Thus, γ-tocopherol and α-tocopherol regulate generation of DCs and signals for allergic inflammation during development. Maternal supplementation with γ-tocopherol in mouse models increases allergic responses in offspring from allergic mothers and increases development of CD11c+CD11b+DC types in utero, in antigen-challenged neonate lungs, and in bone marrow cultures. Moreover, there is specificity of regulation of DCs by γ-tocopherol because γ-tocopherol supplementation increases the number of CD11c+CD11b+ but not CD11c+CD11b– DC types in pup lungs. There is also specificity of regulation of DCs in utero because maternal γ-tocopherol increases fetal liver CD11c+CD11b+ DCs and decreases the numbers of plasmacytoid regulatory DCs in the fetal liver. Supplementation with γ-tocopherol elevated several mediators of inflammation without altering OVA-specific IgE. Studies of γ-tocopherol regulation of inflammation provide a basis for designing drugs, supplements, and diets that more effectively modulate these pathways in allergic disease. Further studies are needed for the design of future clinical studies with vitamin E isoforms and on our understanding of vitamin E isoform regulation of DC function during allergic inflammation. The function of tocopherol isoforms on allergic inflammation and asthma may have implications for dietary impact on the risk of allergic disease in future generations. More studies are needed in humans to examine short-term versus long-term outcomes of a range of plasma concentrations of tocopherol isoforms.

Alpha-Tocopherol and Gamma-Tocopherol: Opposing Functions in Other Chronic Inflammatory Diseases

In addition to opposing functions of tocopherol isoforms in allergic disease, α-tocopherol and γ-tocopherol may have opposing outcomes for other diseases, including arthritis and cardiovascular. However, as with asthma, there are conflicting outcomes for vitamin E in these diseases. Briefly, human plasma γ-tocopherol positively associates with osteoarthritis, whereas plasma α-tocopherol negatively associates with osteoarthritis (Jordan et al., 2004). In coronary heart disease and stroke, studies of tocopherols and heart disease are complex because different dietary oils contain different lipids that affect heart disease. Nevertheless, for plasma γ-tocopherol, it is either not associated with heart disease or is associated with an increase in risk for myocardial infarction (Dietrich et al., 2006). In contrast, for α-tocopherol, it is either not associated with heart disease or is associated with reduced death from heart disease (Dutta and Dutta, 2003; Meydani, 2004; Munteanu and Zingg, 2007; Siekmeier et al., 2007). Therefore, for those reports with effects on heart disease, γ-tocopherol associates with an increase and α-tocopherol associates with a decrease in heart disease.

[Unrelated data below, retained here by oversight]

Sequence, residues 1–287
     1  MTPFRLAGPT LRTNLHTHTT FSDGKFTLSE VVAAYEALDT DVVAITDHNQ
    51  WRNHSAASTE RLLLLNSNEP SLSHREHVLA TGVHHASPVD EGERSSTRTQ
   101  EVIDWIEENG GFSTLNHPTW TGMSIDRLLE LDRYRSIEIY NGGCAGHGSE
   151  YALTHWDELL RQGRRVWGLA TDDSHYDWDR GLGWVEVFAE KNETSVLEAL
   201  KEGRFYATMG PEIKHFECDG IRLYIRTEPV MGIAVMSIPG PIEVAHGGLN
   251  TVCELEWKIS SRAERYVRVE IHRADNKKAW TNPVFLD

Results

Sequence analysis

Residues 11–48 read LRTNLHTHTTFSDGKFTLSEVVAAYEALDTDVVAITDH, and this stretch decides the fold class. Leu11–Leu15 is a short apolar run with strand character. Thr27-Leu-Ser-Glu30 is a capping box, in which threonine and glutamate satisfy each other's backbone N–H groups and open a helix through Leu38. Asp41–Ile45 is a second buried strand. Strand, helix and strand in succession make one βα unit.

Epidemiological studies and randomized prevention trials have demonstrated the potential of a number of protective dietary factors for asthma, including α-tocopherol. However, these reports have seemingly varied outcomes regarding the benefits of supplementation with the α-tocopherol and γ-tocopherol isoforms of vitamin E. These discrepancies in clinical results are consistent with mechanistic studies of differential regulatory functions of these tocopherol isoforms in animal asthma models and in cell cultures with physiological doses of the tocopherol isoforms. Tocopherols also function beyond their antioxidant capacity and regulate signaling pathways essential in the inflammatory process. Specifically, supplementation with physiological levels of purified α-tocopherol and γ-tocopherol has opposing regulatory functions during inflammation such that α-tocopherol is antiinflammatory and γ-tocopherol is proinflammatory. Understanding the differential regulations of inflammation by isoforms of vitamin E provides a basis for designing drugs and diets that more effectively modulate inflammatory pathways and improve lung function in disease.

The marked differences in rates of asthma across the world, changes in disease prevalence over short periods, and changes with migrating populations means that environment influences the development and responses to triggers that worsen asthma and allergic inflammation. This means that changes in diet or lifestyle or both could modify disease. Going forward, studies in preclinical models and clinical studies need to be designed to include measurements of the tocopherol isoforms in the supplements, vehicles for the supplements, and the plasma or tissues. Moreover, in preclinical animal and clinical studies, tocopherol isoforms need to be measured prior to intervention and after interventions with tocopherol isoform-specific supplementation. These tocopherol measurements are necessary to clearly interpret study outcomes. Understanding the epidemiology, biology, and regulation of asthma inception by environmental factors will lead to approaches that could reduce the development of allergy and asthma. Further studies are necessary to define and provide a basis for recommendations for doses for tocopherol isoforms in normal and, more important, inflammatory disease states in adult human females and males as well as ethnic groups that differ in the prevalence of asthma (Kim et al., 2016; Sheikh et al., 2016). The therapeutic potential of dietary manipulation and supplementation in allergic pregnant mothers and children with asthma requires further work. The investigation of early life diet in relation to childhood asthma raises the possibility of early life dietary interventions.

Sources of Support: This study was supported by National Institutes of Health Grants R01 AT004837 and R01 HLB111624, and the Ernest S. Bazley Grant.